The Cane as a Work of Art
Published in El Noticiero del Viernes, p.11, 1984
Ancient is the history of the staff; so ancient that one detects the first walking stick in prehistoric times, shaped from deer antlers - as old as the very existence of mankind.

During the course of centuries and civilizations, they adopted more defined characteristics; sometimes magical or sacred; others, in the Hebrew and Egyptian peoples, as a symbol of authority. The Romans conserve this aspect; perhaps the first civilization who used them for support and aid was the Greek. The artistic cultures enriched them with forms and mysterious incisions; in Mesopotamia they used to finish their designs with a flower.

The Middle Ages takes in this magical and sacred facet of staffs; they cover them with gold or with silver; the use of ecclesiastical staffs develops. After a crisis, we have in the XVIIIth century, the use, amongst the "Illustrious" of "Jewelled staffs" with crafted grips covered with precious stones, following a parallel path as those of sword hilts.

Our romantic nineteenth century gives birth to the sword cane, hiding in its interior the clean steel of duels and honor.

The use of the cane falls, as does many things, into a crisis at the start of the century, result of a social change; women abandon the corset, and men the support of the cane. A new society, oriented towards sports and open air activities, renounces all that signifies symbology and support.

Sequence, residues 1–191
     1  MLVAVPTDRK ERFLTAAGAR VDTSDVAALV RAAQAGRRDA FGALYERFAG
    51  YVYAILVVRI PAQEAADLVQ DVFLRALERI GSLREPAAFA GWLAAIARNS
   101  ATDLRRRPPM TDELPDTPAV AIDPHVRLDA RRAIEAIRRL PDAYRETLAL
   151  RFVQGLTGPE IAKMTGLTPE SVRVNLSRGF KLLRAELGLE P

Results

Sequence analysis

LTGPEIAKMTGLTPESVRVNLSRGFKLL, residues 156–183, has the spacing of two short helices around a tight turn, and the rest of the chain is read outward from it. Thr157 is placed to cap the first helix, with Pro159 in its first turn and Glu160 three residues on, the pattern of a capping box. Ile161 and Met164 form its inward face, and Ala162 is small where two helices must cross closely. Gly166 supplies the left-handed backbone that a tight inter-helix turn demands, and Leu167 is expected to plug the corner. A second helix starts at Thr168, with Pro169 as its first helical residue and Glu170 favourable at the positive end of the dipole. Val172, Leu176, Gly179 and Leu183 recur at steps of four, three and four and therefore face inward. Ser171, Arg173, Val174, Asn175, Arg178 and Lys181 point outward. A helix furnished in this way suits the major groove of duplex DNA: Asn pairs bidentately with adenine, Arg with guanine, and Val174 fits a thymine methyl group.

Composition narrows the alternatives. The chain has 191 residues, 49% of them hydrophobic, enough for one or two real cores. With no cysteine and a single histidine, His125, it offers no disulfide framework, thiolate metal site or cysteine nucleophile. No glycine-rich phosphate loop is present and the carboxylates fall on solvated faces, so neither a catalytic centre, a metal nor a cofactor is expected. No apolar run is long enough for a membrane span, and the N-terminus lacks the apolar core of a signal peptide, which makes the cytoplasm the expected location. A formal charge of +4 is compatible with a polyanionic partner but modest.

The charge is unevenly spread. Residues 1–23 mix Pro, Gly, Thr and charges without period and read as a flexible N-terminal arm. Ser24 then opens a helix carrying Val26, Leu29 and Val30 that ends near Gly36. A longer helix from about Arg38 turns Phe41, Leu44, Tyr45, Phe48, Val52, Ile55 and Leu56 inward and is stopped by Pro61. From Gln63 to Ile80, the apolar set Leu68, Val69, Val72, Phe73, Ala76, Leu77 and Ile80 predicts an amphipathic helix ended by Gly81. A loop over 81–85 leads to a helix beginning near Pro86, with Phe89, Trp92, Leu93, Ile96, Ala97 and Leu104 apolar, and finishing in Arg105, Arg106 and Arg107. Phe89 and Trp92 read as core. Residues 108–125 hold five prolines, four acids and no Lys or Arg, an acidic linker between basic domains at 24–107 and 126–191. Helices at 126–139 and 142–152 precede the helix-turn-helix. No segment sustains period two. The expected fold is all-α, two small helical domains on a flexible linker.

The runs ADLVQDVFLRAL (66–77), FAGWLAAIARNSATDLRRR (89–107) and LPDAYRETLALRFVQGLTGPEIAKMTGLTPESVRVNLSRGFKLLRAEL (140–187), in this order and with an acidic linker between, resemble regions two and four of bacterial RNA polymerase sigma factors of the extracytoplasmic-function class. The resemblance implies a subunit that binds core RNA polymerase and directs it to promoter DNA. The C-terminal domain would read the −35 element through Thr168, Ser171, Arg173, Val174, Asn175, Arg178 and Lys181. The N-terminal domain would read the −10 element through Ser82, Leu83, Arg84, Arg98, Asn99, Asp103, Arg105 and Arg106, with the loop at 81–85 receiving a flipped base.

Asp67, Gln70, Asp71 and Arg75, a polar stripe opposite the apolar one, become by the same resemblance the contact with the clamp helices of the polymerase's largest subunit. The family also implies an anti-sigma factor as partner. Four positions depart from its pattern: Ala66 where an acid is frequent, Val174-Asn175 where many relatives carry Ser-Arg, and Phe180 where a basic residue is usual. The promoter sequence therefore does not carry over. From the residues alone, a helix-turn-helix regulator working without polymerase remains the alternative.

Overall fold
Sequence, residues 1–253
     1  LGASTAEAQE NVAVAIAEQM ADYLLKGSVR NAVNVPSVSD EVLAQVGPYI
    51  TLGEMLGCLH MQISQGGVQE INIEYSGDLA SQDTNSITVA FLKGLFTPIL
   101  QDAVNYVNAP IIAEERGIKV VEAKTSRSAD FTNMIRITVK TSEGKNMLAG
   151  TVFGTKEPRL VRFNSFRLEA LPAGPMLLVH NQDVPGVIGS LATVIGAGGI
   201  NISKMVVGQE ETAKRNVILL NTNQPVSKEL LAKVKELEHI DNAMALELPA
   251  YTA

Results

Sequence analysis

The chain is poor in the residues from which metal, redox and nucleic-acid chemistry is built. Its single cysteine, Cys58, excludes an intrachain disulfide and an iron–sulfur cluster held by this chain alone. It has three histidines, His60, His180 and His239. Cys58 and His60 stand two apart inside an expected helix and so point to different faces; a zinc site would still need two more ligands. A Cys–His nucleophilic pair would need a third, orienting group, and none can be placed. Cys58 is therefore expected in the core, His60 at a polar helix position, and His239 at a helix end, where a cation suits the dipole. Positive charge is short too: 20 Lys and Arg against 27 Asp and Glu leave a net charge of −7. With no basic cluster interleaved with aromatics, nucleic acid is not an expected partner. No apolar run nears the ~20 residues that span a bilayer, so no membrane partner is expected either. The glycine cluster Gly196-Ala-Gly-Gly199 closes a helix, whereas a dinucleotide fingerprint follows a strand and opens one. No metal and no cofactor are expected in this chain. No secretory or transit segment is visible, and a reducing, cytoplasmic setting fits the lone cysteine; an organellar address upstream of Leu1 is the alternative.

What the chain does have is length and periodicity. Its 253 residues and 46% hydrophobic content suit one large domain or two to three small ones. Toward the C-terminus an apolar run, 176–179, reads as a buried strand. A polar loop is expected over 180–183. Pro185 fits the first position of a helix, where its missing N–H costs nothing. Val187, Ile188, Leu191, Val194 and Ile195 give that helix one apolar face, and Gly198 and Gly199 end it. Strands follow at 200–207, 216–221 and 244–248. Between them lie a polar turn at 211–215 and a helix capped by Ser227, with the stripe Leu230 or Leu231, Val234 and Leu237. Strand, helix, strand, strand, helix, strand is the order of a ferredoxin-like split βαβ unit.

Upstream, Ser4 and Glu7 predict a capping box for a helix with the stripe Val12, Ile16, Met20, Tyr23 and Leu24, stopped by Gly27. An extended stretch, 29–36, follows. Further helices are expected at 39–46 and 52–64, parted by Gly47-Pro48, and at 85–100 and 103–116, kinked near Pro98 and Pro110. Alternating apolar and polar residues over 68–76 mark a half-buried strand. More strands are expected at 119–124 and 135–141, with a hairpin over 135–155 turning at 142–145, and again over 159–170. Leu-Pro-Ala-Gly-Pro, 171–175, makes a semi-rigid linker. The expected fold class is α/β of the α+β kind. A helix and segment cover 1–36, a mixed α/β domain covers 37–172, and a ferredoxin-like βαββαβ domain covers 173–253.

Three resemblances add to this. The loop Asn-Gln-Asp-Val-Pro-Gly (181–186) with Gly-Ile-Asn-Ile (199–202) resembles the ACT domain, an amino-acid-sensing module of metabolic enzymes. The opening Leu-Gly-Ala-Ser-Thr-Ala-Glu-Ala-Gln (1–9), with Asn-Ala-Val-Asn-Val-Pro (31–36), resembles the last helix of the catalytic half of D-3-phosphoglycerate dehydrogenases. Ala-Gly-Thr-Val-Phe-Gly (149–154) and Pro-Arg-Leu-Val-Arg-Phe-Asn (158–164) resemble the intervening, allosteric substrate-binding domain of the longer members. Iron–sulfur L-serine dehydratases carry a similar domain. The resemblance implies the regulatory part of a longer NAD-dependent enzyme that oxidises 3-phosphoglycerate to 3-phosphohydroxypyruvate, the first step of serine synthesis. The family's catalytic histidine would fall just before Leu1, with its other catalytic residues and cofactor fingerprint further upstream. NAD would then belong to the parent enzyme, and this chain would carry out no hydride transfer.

Now, here we have in Barcelona, the sculptor Cocomir seeking the resurrection of the magical and talismatic world of the cane. He presents in the Galeria Lleonart up to 150 examples with individualized carvings of their grips, ordered according to different series; Mythological, Nobel, Animalistic, Modernist, etc. etc. Every collection has ten models and are numbered and certified.

Cocomir, excellent sculptor, knower of the findings of Moore, puts his technique at the service of cane making. He doesn't innovate the shaft nor the tip, but concentrates on the grip as do good craftsmen. He doesn't create examples as the famous salt shaker of Cellini, a veritable jewel but incapable of spilling salt. Cocomir keeps in mind, with his grips, the hand that is going to hold them; following and accommodating to it the forms, building beautiful and graceful examples, which he enriches with lacquers, or respects the noble wood of ebony; he polychromes them, carves or conditions the golden bronze, and also, like the cane makers of the XVIIIth century he incrusts in his forms semiprecious stones to emphasize a magical sparkling, especially in the eyes of his zoomorphic grips.

The undertaking is curious, everything goes and returns, society after its individualistic utopias returns to company and support. Even if it is no more than a humble cane with the grip ennobled by the carving of an artist.

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